The nature of social media – public, real time, immediate – and the abundance of data collected on users, activity and engagement, provide a greenfield of opportunities to use social data to enhance and support marketing data.
Here are five ways social data can be used to enhance marketing data.
1. Use Social Data to Provide Added Value for Ad Selling
Online publishers have been selling ads based on data like visits, pageviews, subscribers, and impressions. But social data can be used to enhance the value of online publishers by proving larger circulation through social profiles, impressions on social networks and increased reach through shares.
Media kits should start to include social data as the added value the publisher provide to advertisers as well as post-advertisement reports that include impressions, reach, and engagement.
Additionally, publishers can add value by providing advertisers with the exact details on engaged-audience including the actual users who engaged with their content.
2. Use Social Data to Enhance TV Ratings Data
Nielsen recently add Nielsen Social as part of the TV rating offering by looking at people who tweet about TV shows and their audience. But social data can enhance more than just simple ratings and provide insight into the type of audience engaged with TV shows as well as the types of engagement.
Networks and cable TV can start looking at social data to make decision about the life or death of their programming beyond the traditional rating system and can provide the social data as an added value for advertisers.
In today’s DVR-heavy watching habits, ratings for live TV only give the networks partial information on how well their programming is doing with their audience. This data might have been able to save Studio 60 on the Sunset Strip.
3. Use Engagement Data to Test Messaging
Social media provides marketers with a cheap and quick way to test messaging with a highly targeted audience. By crafting several messages you can post to social media and measure the engagement levels each message generated with your audience.
Running simple A/B tests, poll questions, or even just asking your audience via tweets, LinkedIn messages, or Facebook posts, you can garner insight on the resonance of messages before you invest heavily in one message or another.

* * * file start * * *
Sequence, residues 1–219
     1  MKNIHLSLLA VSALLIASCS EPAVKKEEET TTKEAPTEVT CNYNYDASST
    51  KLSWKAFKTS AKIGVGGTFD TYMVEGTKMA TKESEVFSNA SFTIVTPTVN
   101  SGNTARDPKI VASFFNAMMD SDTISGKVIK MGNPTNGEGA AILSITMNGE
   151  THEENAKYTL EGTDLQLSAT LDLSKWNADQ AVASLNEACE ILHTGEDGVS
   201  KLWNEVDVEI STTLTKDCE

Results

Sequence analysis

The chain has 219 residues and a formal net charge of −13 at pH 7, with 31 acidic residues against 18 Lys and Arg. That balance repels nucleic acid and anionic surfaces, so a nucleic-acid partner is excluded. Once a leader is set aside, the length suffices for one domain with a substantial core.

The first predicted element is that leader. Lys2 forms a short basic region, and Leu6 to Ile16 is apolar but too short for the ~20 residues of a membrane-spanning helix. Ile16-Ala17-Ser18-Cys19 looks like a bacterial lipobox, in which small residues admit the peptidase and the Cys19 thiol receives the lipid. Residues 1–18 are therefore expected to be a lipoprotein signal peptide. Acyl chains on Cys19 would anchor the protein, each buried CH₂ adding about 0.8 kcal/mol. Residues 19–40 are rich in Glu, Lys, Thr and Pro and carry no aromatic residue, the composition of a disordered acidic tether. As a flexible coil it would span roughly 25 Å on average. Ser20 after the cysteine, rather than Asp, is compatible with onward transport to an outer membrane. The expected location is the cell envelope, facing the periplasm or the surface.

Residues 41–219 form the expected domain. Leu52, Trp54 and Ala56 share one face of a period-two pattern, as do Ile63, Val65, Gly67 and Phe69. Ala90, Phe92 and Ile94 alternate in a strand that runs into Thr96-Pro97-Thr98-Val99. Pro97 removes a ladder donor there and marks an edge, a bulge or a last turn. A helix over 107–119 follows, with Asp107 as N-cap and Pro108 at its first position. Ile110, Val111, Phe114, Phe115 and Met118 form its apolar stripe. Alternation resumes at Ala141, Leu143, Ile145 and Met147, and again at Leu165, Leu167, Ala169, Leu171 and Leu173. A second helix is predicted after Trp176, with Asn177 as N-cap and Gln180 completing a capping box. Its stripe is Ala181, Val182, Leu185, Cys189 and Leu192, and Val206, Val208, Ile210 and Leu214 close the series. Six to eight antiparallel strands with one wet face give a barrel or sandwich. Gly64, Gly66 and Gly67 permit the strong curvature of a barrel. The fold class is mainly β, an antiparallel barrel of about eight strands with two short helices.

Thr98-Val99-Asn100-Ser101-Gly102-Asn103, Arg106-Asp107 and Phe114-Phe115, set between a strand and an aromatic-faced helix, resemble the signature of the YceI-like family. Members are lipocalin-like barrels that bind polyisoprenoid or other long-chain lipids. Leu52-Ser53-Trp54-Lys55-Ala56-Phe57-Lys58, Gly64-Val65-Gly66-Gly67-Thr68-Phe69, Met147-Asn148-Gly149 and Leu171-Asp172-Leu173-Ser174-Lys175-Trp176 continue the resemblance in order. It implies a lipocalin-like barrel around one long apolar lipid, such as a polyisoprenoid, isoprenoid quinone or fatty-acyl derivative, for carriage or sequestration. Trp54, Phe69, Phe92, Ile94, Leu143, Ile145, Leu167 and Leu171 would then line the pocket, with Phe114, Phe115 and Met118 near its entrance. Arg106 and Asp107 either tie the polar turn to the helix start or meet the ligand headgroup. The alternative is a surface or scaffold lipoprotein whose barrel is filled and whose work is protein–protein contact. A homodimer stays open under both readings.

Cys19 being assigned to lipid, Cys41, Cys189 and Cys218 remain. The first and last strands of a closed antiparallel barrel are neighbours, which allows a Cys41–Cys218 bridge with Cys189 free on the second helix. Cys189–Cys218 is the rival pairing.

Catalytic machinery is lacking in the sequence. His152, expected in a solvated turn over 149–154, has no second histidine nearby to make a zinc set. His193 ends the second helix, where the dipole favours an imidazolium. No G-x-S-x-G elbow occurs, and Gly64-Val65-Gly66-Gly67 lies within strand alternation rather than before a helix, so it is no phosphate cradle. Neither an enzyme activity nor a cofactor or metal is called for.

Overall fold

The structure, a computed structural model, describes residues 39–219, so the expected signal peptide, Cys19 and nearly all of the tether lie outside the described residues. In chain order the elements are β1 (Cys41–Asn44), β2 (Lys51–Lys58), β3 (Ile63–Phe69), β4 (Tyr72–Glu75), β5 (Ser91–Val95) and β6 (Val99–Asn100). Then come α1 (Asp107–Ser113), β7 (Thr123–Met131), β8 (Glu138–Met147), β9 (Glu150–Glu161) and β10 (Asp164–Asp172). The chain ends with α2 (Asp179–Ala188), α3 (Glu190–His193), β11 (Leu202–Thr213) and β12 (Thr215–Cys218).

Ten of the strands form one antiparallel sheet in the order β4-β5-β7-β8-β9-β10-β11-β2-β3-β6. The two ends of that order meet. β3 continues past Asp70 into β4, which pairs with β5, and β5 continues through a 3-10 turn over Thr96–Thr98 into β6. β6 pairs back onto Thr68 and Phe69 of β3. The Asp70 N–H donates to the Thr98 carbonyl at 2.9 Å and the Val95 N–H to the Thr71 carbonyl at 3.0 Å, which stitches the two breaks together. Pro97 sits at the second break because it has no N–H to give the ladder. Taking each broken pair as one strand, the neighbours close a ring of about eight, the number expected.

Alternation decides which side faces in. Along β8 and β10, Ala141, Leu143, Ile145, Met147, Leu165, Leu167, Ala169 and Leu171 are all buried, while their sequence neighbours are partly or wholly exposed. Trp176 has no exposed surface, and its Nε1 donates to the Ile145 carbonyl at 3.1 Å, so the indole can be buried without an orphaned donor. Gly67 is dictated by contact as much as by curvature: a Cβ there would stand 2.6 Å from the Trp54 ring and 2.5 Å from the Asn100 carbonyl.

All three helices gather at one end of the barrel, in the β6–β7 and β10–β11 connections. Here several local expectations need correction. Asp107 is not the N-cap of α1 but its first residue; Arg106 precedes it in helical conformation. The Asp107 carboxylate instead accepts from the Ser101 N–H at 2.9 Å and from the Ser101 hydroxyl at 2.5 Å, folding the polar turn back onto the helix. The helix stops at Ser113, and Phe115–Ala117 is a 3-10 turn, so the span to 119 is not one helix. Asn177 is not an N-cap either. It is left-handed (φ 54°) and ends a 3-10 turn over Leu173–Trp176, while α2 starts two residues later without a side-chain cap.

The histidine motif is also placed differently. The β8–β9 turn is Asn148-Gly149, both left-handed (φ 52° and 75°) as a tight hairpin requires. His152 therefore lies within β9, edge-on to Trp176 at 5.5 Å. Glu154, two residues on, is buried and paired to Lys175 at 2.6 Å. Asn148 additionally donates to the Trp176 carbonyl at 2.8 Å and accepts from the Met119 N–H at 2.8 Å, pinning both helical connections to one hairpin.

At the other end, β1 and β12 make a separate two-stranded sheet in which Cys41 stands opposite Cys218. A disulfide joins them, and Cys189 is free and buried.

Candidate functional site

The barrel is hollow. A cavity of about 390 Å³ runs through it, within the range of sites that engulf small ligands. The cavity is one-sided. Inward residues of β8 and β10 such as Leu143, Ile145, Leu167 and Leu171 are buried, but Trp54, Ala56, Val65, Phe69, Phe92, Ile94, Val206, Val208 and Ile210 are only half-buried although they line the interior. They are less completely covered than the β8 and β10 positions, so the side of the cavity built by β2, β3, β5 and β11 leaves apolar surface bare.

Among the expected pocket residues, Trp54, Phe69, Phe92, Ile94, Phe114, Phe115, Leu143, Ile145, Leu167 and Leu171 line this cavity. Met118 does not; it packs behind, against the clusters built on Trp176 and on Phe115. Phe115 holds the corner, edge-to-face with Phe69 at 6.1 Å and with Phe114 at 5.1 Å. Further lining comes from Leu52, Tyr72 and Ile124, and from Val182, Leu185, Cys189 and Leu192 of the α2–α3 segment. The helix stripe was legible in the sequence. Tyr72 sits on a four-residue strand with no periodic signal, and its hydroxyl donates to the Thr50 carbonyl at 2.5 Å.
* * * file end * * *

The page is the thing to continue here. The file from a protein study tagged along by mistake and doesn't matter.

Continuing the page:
Companies that utilize social media as a testing field for messages, new product offerings, and validation of strategic direction can be better informed about their decisions by analyzing the engagement data in cross reference to the audience that engaged as well as to the way they engaged.
4. Use Social Ads Data to Test Creative
The emergence of social ads offers brands access to audience without the efforts of building that audience organically. In addition, most social ad platform include ad optimization as an integral part of the platform.
Marketers can utilize these platforms to test ad creative before they roll out major, expensive ad campaigns. Use engagement data to evaluate how well your ads are doing and what creative works better with your audience.
The hyper targeting the social platforms offer can ensure that your test is being done on a select, targeted audience without “tainting” your entire addressable market with test campaigns.
5. Use Social Trends to Research Keywords
Unlike in search, social media provides immediate feedback on keyword trends. Using data from the social networks you can uncover keywords and phrases that are on the upswing before they become completely apparent on organic search and this way create content that will get a head start on organic search.
Use tools like Twitter Trends, hashtag research tools, or social media measurement solutions to learn what keywords are getting more traction with your audience and what keyword trends are forming.
You can later insert these keywords into your editorial calendar and create content that will be optimized for queries and phrases that are already in use by your audience.
The integration of social data with traditional marketing data can enhance your understanding of trends and user behavior, and also can be used as an added value for publishers and advertisers.
The trend of incorporating social data into other data sources is only beginning; do you have any other ideas on how to use it?